Additional assets 40052


Additional assets 40050


Additional assets 40048


Additional assets 40046

– February 24, 2015

The Economy…
The strengthening dollar threatens to reduce U.S. economic growth by spurring imports and curbing exports, widening the trade deficit and crimping GDP expansion. However, net international trade, exports minus imports, is a relatively small share of the nation’s economy, so the threat to growth is relatively small as well.

The AIER leading indicators index pulled back in January for a second straight month, consistent with a widening soft patch for U.S. growth. However, at a reading of 67, the index remains solidly above the neutral level of 50, suggesting that continued growth is likely.

In general, a rising dollar is a positive for U.S. consumer prices.  A strong dollar lowers the cost of imports, restraining CPI gains while also increasing pressure on American producers of goods that compete with lower-priced imports.

The AIER inflationary pressures scorecard was more balanced in the latest reading as two indicators shifted from falling to rising, resulting in a more closely balanced score of 9 rising to 12 falling and two remaining stable. The key changes came in  personal income, which changed to rising from falling, reflecting improvements in the labor market. The second indicator that moved to rising from falling, the producer price index for services, rose to a 3.0 percent annualized growth rate for the three months through December, from a 1.9 percent rate in the previous three months.

While cheaper imports may ratchet up pressure on competing domestic producers, historical data suggests actual job losses as a result of import competition in recent years have been relatively small. Because of changes in economic circumstances, slower global growth and more limited options for the federal government than during the 1990s boom in the dollar, whatever pressure may emerge for changes in policy is likely to have little effect. Besides, a government program designed to help displaced workers is already in place.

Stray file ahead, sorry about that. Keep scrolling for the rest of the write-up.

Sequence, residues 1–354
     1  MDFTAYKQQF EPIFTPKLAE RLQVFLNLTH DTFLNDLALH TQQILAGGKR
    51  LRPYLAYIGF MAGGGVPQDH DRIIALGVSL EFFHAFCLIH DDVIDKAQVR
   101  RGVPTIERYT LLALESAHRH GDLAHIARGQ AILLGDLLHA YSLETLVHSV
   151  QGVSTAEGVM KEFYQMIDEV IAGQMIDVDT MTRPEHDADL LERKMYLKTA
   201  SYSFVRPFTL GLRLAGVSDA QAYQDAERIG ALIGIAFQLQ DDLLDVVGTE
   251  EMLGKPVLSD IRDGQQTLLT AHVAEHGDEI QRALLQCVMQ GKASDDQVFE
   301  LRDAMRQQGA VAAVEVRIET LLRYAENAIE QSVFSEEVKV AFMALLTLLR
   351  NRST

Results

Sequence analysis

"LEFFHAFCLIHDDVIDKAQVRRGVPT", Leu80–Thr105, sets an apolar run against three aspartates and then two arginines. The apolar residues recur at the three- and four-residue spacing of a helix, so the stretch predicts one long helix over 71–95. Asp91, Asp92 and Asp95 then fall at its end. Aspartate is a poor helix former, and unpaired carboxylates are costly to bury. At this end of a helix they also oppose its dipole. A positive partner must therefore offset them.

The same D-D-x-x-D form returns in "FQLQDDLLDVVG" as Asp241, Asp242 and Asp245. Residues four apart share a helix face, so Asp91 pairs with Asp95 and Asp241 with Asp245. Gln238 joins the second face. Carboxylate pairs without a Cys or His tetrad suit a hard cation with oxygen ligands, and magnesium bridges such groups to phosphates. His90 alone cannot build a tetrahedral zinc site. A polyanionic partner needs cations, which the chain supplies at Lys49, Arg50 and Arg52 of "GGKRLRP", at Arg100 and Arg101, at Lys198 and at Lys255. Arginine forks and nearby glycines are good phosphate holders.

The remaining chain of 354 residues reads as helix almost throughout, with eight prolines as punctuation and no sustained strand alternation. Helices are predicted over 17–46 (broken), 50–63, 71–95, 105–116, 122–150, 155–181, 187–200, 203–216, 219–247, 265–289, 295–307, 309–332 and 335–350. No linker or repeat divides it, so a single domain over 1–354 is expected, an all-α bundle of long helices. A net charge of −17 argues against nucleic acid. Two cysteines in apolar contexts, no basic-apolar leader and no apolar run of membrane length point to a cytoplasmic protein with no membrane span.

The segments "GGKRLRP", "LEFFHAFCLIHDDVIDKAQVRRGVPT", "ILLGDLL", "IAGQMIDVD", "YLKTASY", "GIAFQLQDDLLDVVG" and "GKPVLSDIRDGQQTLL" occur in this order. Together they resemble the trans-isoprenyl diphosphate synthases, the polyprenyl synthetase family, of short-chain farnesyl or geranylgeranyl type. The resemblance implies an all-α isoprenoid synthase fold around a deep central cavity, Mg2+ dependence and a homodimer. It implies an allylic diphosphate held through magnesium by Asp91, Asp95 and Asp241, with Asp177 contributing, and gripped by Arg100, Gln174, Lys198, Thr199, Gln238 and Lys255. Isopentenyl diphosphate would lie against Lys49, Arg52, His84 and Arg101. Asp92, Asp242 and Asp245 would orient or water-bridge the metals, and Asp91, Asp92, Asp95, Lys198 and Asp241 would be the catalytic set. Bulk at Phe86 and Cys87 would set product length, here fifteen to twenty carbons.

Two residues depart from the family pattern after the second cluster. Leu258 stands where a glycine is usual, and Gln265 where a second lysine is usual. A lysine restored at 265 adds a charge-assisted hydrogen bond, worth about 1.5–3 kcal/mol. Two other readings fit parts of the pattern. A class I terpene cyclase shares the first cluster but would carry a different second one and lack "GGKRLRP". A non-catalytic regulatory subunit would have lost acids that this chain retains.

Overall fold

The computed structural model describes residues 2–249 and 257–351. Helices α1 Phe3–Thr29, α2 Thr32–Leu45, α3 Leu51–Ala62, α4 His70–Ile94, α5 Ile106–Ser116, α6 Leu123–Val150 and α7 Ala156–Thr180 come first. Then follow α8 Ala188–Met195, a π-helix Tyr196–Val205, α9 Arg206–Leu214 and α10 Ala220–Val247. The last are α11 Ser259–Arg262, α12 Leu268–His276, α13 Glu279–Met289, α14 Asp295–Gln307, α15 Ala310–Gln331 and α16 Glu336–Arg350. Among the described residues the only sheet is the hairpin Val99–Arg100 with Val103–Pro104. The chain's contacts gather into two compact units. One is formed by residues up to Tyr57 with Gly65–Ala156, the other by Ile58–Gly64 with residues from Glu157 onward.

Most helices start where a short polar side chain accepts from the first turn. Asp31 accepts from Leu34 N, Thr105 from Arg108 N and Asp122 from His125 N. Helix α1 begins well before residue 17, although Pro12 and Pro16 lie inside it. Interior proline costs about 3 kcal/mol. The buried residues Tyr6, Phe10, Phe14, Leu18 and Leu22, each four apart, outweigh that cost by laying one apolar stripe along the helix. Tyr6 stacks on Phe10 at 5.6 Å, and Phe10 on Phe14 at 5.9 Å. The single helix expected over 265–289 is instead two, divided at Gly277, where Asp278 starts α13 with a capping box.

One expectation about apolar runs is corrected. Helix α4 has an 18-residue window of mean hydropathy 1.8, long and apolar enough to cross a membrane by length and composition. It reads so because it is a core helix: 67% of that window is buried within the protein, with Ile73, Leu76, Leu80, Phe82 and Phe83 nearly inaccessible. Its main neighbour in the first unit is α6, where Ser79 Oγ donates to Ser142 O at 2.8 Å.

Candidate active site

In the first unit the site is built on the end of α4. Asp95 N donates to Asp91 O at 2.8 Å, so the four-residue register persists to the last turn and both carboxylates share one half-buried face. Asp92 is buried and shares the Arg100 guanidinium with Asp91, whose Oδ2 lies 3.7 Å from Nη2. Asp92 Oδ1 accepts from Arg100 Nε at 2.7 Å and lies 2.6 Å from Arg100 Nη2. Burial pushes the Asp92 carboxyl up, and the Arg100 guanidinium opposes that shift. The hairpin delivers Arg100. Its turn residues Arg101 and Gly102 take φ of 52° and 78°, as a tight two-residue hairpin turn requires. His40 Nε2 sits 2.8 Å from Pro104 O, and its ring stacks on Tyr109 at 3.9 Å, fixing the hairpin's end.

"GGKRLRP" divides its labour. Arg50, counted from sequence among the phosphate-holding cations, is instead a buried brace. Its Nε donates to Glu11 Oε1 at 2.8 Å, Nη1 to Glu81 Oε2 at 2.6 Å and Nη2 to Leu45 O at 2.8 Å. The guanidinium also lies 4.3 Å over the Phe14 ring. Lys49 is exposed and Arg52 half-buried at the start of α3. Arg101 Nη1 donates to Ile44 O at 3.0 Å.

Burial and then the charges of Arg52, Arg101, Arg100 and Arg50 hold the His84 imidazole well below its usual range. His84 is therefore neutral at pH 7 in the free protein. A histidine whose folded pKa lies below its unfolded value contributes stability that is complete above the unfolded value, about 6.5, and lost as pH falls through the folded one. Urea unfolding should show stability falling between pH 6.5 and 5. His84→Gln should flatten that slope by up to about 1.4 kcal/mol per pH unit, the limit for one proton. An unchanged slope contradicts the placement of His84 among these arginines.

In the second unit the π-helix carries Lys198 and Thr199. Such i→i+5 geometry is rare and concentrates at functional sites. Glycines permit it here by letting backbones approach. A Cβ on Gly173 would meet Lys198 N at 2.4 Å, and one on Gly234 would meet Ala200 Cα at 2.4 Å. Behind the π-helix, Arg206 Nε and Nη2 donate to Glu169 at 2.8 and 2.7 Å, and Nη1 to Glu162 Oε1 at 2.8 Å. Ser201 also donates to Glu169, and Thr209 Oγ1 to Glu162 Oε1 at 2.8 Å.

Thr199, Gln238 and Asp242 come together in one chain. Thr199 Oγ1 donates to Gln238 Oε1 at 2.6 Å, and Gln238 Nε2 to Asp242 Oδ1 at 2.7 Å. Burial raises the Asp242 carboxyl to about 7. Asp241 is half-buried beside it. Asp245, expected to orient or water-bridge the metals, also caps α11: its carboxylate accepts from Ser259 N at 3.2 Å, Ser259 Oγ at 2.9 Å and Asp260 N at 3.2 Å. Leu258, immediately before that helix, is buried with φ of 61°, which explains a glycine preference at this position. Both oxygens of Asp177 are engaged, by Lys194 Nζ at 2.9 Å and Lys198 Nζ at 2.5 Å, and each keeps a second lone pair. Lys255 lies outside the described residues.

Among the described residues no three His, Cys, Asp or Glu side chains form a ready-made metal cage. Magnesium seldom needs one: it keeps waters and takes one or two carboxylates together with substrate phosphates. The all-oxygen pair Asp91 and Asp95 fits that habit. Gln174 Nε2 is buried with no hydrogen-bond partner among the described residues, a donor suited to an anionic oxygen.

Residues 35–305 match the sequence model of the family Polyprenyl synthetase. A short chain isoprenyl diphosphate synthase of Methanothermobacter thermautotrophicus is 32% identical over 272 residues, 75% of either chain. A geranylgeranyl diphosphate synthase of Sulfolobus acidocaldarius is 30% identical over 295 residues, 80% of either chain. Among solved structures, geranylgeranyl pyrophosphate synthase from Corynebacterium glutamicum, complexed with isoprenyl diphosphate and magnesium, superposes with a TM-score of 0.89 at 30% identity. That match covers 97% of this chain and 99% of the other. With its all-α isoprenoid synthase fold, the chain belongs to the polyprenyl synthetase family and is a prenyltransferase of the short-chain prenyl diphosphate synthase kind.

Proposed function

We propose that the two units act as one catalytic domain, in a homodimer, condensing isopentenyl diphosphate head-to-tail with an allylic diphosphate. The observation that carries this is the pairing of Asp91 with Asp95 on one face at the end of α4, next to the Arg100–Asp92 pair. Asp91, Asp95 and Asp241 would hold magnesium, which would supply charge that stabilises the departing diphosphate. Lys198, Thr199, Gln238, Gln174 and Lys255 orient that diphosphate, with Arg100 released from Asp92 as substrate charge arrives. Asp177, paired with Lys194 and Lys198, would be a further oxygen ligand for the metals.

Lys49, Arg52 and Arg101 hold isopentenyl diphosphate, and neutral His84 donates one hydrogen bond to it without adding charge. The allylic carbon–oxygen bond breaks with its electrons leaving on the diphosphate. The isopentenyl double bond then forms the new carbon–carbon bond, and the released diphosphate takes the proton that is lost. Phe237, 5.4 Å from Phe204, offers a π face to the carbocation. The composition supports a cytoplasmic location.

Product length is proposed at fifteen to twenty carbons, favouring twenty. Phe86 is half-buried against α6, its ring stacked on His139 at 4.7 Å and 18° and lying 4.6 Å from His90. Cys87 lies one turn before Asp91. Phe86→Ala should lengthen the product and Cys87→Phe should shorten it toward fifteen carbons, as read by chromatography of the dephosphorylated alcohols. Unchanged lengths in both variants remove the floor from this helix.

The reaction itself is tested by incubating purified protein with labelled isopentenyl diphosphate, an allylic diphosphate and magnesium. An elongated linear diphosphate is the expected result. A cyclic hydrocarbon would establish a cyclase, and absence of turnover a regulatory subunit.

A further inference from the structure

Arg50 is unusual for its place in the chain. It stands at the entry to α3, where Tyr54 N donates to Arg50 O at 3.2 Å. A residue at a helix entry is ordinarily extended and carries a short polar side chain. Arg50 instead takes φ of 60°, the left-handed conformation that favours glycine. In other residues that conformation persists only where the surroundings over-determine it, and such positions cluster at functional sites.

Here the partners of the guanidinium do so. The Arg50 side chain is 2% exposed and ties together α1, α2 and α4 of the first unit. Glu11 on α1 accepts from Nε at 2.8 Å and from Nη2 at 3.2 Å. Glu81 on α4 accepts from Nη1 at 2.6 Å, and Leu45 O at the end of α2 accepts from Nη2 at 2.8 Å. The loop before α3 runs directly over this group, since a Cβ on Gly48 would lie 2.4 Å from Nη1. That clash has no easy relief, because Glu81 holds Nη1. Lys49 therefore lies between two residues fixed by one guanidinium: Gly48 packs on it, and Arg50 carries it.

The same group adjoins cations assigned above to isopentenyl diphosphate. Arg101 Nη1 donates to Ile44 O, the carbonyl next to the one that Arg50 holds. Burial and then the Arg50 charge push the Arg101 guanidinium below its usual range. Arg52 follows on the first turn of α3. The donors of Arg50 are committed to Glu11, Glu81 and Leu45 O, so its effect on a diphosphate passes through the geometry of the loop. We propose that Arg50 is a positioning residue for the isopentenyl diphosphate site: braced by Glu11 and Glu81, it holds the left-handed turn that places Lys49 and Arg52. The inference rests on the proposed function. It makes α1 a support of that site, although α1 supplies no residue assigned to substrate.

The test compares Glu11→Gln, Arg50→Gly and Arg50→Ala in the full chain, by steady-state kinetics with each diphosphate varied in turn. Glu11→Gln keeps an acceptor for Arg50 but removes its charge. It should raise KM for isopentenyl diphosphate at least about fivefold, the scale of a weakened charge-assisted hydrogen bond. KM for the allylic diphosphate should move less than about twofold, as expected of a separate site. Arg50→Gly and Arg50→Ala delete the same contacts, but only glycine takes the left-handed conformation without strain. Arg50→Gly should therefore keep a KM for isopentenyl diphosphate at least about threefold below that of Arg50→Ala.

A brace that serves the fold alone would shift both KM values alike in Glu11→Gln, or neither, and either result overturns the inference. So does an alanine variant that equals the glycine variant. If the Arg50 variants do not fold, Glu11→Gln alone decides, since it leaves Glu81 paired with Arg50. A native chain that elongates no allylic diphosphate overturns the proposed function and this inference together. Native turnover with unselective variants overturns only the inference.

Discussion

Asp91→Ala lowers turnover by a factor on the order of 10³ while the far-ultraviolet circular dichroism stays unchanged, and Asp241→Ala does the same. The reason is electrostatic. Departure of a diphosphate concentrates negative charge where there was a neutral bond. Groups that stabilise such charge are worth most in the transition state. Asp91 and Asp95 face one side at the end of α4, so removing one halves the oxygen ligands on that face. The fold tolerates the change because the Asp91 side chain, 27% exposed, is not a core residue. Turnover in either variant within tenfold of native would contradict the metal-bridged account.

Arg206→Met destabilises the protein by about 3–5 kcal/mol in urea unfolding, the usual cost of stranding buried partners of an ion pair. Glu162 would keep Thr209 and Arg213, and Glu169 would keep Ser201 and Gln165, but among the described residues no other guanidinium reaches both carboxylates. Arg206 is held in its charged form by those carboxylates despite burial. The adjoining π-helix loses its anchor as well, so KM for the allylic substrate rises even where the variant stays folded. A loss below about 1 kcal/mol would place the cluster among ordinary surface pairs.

A stronger dollar can lead to higher commodity prices in other currencies in the short run, followed by weaker demand, slower growth, and ultimately lower prices overall in the longer run.

One increasing risk in fixed-income markets may be the sizable amount of foreign-issued dollar-denominated debt. As the U.S. currency appreciates, it becomes more expensive to service these debts with weakening currencies. The resulting amplified risk levels may affect both sovereign debt issued by foreign governments and corporate debt sold by companies whose earnings are largely derived from sales in markets with weakening currencies.

Equity market risks to American investors from a strengthening dollar come in two forms: U.S. companies that generate substantial portions of earnings in foreign currencies may see the value of those earnings erode, while holders of foreign equities may see their investments decline in value. Hedging these portfolios against the effects of a continued rise in the dollar can mitigate some of the damage, as shown by returns from a hedged index of global shares compared with an unhedged version. 


Next/Previous Section:
1. Overview
2. Economy
3. Inflation
4. Policy
5. Investing
6. Pulling It All Together/Appendix

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